Can Coffee Really Improve Your Mood?
With the end of summer almost here, you know the holidays will be upon us in no time. For those who have a hard time during the winter months, maybe coffee can help. But can coffee really improve your mood? Let's find out.
Coffee seems to be one of the most researched substances on the planet. A quick search of coffee brings up pages and pages of various studies that have been conducted and observations that have been made. Much of the research on coffee is on how it affects those who drink it. From this research, we have learned that coffee does have some beneficial results. Finally, a European study showed that consuming 75mg of caffeine every four hours helped to improve mood throughout the day.
One of those beneficial results is a better mood. A 2020 report by a Harvard University researcher showed that those who drink coffee are less likely to be depressed compared to those who are not coffee drinkers. It is believed that the antioxidant and anti-inflammatory properties of coffee may also be related to how caffeine blocks the brain from binding with depression and fatigue chemicals.
Testing is ongoing to learn more about the compounds that can be found in coffee and how those compounds affect humans. In the meantime, it appears coffee blocks the chemical adenosine from binding with the receptors in the brain. Adenosine is the chemical that causes depression and fatigue. Coffee may even help those with bipolar disorder.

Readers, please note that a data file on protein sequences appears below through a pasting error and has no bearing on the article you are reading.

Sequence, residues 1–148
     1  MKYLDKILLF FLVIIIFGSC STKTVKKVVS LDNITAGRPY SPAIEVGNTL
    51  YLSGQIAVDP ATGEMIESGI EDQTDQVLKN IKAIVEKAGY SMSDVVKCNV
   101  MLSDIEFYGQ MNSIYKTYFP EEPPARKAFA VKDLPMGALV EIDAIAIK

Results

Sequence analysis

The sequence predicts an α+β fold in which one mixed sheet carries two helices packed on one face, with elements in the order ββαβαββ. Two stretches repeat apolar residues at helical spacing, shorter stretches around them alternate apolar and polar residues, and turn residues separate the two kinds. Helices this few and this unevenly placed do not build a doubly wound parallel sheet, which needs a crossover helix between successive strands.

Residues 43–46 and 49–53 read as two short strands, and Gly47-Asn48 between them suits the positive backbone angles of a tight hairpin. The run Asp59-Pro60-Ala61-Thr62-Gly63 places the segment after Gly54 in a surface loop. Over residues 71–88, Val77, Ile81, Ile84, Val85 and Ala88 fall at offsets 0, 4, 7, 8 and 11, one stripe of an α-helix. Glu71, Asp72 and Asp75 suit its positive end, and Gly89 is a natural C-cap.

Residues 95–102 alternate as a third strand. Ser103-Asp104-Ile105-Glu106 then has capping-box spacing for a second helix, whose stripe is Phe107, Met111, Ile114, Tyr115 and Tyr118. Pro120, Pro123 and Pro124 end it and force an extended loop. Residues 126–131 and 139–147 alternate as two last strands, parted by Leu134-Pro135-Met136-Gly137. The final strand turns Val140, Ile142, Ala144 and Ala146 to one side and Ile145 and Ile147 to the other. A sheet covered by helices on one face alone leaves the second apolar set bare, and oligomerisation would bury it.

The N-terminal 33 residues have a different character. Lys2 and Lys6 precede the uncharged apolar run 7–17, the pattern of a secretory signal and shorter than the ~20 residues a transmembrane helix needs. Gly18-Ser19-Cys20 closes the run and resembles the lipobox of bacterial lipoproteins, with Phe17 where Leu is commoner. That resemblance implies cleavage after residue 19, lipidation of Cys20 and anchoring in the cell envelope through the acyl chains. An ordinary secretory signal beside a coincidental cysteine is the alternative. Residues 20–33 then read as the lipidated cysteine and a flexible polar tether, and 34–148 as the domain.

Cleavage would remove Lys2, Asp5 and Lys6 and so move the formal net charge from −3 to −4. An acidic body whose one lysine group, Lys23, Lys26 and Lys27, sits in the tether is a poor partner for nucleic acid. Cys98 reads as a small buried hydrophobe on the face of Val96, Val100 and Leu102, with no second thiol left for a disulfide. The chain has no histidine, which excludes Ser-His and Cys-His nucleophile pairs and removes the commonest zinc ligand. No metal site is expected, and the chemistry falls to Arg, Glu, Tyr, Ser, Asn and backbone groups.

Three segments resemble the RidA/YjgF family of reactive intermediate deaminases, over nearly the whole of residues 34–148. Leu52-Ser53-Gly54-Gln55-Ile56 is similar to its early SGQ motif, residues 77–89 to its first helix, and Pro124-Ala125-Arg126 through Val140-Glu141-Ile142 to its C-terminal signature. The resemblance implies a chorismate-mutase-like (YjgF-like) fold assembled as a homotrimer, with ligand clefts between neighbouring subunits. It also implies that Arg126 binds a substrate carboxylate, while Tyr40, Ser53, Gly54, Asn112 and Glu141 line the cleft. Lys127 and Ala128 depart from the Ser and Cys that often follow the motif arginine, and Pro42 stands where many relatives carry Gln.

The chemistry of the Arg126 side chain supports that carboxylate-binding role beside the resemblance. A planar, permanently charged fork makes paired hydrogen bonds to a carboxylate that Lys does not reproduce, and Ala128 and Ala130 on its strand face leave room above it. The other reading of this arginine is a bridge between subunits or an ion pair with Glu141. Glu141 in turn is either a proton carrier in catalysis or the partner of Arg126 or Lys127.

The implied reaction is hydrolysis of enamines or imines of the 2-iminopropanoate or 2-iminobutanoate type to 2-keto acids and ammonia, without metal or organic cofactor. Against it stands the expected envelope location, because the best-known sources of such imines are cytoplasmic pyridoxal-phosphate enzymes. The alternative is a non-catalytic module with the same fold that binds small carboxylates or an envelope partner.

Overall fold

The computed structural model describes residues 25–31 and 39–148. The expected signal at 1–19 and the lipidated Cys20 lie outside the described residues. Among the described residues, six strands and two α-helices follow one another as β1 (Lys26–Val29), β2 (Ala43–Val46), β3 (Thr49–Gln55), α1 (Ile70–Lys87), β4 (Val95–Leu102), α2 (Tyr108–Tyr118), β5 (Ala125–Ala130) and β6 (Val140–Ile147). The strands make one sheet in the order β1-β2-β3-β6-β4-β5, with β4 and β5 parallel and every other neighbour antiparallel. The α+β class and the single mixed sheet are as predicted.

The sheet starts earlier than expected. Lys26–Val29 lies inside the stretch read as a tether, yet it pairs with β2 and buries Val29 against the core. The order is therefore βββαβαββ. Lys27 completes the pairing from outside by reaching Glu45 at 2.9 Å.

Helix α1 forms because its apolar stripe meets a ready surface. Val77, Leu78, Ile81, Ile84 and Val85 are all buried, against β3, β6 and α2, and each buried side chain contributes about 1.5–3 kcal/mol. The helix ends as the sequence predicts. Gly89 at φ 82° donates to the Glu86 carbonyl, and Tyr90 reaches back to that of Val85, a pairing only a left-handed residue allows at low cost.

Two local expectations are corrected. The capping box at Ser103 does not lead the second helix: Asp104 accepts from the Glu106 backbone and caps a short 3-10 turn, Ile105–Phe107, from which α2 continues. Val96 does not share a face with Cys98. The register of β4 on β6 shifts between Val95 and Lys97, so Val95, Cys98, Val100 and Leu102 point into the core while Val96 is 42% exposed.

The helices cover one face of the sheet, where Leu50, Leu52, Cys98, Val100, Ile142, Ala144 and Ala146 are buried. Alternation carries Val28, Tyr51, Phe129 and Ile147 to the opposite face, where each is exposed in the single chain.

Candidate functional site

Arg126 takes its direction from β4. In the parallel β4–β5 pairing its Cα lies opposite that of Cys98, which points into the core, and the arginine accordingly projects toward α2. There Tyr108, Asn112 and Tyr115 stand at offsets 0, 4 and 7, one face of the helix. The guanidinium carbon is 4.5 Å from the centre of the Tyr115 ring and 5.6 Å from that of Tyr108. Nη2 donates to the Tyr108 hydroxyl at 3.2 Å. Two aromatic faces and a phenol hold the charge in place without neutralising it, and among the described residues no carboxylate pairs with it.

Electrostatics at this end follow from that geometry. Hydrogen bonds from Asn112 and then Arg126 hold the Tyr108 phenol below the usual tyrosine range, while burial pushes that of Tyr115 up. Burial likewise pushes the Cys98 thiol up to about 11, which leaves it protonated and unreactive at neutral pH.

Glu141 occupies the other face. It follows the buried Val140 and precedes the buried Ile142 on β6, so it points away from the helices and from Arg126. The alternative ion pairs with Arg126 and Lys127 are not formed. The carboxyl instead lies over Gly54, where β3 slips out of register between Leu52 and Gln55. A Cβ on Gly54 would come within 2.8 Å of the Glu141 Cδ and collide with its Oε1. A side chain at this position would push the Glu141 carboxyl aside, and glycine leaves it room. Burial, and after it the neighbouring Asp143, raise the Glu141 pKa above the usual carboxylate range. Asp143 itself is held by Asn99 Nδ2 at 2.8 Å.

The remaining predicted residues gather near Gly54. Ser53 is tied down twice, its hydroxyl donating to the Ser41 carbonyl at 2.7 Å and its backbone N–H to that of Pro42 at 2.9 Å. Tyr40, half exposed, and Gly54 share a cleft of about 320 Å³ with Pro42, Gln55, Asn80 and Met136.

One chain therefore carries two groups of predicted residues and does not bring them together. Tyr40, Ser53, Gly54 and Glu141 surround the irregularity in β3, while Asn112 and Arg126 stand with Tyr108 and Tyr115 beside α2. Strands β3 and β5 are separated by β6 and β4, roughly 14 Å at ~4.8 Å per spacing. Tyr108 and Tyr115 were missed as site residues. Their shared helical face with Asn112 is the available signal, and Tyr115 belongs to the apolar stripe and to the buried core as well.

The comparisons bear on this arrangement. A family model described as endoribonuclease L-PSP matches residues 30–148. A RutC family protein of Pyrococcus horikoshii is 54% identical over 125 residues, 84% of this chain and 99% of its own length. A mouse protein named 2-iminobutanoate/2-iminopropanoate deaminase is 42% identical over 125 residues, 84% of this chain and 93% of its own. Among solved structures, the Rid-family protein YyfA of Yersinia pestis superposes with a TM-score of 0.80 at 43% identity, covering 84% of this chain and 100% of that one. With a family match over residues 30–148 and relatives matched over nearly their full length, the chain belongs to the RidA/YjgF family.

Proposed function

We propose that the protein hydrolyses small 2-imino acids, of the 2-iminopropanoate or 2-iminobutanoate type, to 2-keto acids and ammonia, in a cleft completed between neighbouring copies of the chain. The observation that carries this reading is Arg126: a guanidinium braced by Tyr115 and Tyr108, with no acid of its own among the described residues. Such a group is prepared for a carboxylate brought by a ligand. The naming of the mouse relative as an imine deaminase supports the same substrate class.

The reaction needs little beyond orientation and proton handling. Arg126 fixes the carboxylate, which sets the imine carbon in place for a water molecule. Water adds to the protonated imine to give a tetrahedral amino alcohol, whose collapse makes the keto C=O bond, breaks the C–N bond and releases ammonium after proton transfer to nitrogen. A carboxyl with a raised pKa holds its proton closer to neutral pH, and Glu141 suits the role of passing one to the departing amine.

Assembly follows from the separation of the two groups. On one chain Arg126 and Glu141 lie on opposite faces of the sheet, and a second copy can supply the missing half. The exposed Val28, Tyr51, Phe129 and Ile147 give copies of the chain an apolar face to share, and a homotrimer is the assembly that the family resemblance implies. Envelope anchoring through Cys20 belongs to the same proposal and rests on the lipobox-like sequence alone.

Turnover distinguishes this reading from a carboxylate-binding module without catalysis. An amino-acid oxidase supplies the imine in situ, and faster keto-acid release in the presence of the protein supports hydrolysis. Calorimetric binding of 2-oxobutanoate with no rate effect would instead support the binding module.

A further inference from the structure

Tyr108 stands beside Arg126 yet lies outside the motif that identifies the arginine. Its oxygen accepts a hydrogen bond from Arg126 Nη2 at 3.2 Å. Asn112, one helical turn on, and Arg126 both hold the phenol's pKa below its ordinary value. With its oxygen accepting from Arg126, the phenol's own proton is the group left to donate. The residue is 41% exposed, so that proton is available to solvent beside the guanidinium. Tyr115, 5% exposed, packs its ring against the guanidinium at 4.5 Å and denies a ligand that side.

Even the anticipation of drinking coffee has a positive effect on mood. Isn't that interesting?
Trust the Gut
Over the past few years, we have started to learn more about how gut health affects the overall health of people. Studies have shown that gut health has an effect on mental health. Coffee prebiotics feed the gut microorganisms helping to create more fatty acids and neurotransmitters. These are both beneficial to mental health.
How Much Coffee?
So, how much coffee does one need to drink to reap the benefits to their mental health? A study in Korea shows that at least two cups of coffee per day lowered self-reported depression by 32%. A Spanish study showed that four or more cups of coffee decreased clinically diagnosed depression by 20%. Drinking six to seven cups of coffee per day might increase life expectancy, according to an American study.
Coffee may have a plethora of health benefits, both physical and mental, but we are not doctors and the studies are still ongoing. Do not replace any doctor-prescribed medications with a cup of coffee. And be sure to talk to your doctor about any changes in diet or in mental status.